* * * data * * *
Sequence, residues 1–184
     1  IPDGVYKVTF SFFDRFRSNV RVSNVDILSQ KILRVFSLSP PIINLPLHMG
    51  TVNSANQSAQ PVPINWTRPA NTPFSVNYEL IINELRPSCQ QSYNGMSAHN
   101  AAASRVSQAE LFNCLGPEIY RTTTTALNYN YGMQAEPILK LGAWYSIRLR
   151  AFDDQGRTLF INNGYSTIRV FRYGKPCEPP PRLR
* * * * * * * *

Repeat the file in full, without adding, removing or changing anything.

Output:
Sequence, residues 1–184
     1  IPDGVYKVTF SFFDRFRSNV RVSNVDILSQ KILRVFSLSP PIINLPLHMG
    51  TVNSANQSAQ PVPINWTRPA NTPFSVNYEL IINELRPSCQ QSYNGMSAHN
   101  AAASRVSQAE LFNCLGPEIY RTTTTALNYN YGMQAEPILK LGAWYSIRLR
   151  AFDDQGRTLF INNGYSTIRV FRYGKPCEPP PRLR